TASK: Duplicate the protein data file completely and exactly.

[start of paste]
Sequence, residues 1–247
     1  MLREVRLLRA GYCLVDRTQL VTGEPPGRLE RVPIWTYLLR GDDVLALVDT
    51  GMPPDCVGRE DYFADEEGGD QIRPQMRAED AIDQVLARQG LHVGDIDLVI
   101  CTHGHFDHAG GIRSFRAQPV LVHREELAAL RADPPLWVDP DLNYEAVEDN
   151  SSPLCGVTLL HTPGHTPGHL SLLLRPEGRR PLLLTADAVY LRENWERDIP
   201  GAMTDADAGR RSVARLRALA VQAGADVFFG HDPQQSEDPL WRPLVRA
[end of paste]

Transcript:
Sequence, residues 1–247
     1  MLREVRLLRA GYCLVDRTQL VTGEPPGRLE RVPIWTYLLR GDDVLALVDT
    51  GMPPDCVGRE DYFADEEGGD QIRPQMRAED AIDQVLARQG LHVGDIDLVI
   101  CTHGHFDHAG GIRSFRAQPV LVHREELAAL RADPPLWVDP DLNYEAVEDN
   151  SSPLCGVTLL HTPGHTPGHL SLLLRPEGRR PLLLTADAVY LRENWERDIP
   201  GAMTDADAGR RSVARLRALA VQAGADVFFG HDPQQSEDPL WRPLVRA